'Law-related service' and new RESPA forms: proposed changes in the ethical rules governing lawyers who sell title insurance and perform other 'law-related services' raise concerns among real-estate practitioners.

Author:Weston, James K.
Position:REAL ESTATE LAW
 
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Late last year, the real-estate bar began to focus on a proposed amendment to the Illinois Supreme Court Rules. The change seemed innocuous at first, only semantic in nature. But further study raised concern that the proposed change would have a major impact on the practice.

Problems with Proposed Rules 5.7 and 1.8

The initial source of the change arose from a disciplinary matter before the Illinois Attorney Registration and Disciplinary Commission, In the Matter of Andrew Joseph Rukavina, Attorney-Respondent, No 6184983, Commission No 07 CH 96, filed August 30, 2007 (Rukavina). There, in short, an attorney who supplemented his practice by acting as a title insurance agent was accused of an ethical breach for not having disclosed the title agency relationship to clients he represented in a real estate transaction. The attorney received compensation from both the clients and the title company principal.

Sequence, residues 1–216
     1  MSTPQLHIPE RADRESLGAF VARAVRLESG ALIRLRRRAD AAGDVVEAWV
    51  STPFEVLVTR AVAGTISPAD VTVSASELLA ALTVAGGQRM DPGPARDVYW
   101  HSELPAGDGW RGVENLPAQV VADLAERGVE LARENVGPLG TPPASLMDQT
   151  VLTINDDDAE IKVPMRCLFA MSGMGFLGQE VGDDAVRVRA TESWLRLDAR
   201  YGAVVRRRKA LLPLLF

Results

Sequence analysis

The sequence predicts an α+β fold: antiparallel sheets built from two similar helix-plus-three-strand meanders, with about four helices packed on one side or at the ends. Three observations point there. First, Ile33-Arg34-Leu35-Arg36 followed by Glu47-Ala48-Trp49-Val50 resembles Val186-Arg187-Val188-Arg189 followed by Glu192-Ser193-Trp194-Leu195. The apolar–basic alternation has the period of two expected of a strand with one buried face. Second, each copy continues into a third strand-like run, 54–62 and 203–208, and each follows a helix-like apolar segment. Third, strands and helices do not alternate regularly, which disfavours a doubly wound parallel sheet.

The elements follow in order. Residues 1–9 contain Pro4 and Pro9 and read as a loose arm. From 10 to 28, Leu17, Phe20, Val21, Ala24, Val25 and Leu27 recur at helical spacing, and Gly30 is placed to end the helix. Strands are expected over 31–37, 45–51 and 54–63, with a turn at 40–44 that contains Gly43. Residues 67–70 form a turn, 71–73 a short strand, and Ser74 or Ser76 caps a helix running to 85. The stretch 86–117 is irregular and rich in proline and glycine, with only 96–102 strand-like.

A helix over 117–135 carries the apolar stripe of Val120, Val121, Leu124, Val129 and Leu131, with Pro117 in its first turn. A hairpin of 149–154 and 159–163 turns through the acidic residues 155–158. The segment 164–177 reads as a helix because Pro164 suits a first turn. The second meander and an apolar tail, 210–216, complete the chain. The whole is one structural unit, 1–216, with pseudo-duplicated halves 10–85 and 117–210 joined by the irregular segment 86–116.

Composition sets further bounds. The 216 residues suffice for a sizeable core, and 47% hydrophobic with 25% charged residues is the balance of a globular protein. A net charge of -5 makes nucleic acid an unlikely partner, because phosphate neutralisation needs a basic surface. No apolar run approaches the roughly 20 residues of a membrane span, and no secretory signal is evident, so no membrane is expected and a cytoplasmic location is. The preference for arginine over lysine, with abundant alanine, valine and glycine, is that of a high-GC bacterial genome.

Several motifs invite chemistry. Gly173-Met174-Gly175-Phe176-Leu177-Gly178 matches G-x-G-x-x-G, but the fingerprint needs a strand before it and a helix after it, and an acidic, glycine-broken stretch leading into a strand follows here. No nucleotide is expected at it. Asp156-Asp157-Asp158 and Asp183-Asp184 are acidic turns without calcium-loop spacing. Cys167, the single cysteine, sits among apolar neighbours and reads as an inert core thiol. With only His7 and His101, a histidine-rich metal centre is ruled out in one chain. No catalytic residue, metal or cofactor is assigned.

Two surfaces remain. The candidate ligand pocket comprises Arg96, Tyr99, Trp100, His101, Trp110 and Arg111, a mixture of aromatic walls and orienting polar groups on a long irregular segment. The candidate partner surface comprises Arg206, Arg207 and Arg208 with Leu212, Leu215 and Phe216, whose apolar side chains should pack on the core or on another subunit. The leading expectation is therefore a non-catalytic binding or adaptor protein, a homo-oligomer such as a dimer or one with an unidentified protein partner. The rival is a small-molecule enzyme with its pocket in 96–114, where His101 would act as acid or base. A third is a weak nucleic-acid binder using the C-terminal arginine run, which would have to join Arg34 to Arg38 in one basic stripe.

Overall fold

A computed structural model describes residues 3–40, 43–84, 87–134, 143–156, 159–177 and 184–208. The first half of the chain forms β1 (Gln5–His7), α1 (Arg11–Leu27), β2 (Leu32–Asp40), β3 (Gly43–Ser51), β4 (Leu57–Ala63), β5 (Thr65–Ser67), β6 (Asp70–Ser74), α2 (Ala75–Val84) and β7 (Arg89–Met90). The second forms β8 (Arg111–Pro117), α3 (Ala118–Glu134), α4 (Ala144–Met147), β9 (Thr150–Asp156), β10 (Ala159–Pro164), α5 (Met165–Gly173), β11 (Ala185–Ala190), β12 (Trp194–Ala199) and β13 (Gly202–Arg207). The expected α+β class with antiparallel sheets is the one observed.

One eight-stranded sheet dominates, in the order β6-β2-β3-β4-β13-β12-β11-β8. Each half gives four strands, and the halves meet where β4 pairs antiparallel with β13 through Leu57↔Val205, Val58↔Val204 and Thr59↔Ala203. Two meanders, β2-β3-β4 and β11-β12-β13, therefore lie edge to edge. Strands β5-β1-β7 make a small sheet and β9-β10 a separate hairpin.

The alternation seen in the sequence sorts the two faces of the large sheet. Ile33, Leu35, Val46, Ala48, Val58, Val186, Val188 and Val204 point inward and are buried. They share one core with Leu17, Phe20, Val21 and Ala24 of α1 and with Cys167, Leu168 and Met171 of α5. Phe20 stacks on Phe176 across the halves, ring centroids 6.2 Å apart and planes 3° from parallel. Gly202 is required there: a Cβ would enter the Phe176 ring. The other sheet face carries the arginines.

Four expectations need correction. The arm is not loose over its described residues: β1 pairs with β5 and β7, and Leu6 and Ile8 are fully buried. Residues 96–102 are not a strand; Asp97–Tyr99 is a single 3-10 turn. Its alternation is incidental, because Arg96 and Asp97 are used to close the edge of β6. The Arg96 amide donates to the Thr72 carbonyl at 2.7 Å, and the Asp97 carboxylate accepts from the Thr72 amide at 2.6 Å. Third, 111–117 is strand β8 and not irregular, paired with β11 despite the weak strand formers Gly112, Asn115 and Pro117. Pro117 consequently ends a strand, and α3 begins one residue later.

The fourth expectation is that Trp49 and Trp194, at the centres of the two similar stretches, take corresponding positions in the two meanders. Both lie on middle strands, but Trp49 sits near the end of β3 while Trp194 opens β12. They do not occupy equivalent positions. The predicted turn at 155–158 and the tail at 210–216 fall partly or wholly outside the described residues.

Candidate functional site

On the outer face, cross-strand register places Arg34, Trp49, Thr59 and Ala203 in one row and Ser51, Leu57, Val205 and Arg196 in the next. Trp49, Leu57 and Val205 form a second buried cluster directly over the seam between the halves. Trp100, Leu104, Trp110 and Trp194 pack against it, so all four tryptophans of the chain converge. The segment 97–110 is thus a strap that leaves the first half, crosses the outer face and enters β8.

The case inspired a review of the Proposed Rules of Professional Conduct submitted to the Illinois Supreme Court by the ISBA/ CBA Joint committee on Ethics 2000, with specific focus on Proposed Rules 5.7 and 1.8. These deal with the relationship of attorney and client when the attorney provides "law-related services." This term is distinguished from the "practice of law," and therein lies the problem.

Law-related services are available in the marketplace from nonlawyers. Preparation of tax returns is but one example. Under the proposed rule, an attorney who wishes to provide such ser vices must first notify the client that a potential conflict of interest exists and suggest to the client that he or she seek the advice of an independent attorney before proceeding. The practical effect of this requirement may be to push the client toward a nonattorney vendor for the service.

There may be another latent issue here. If, by this definition, services previously thought to be part of the practice of law are no longer regarded as such, will they be covered by malpractice insurance, which appears to be limited to the practice of law? Indeed, the charter of some providers appears linked to practice of law.

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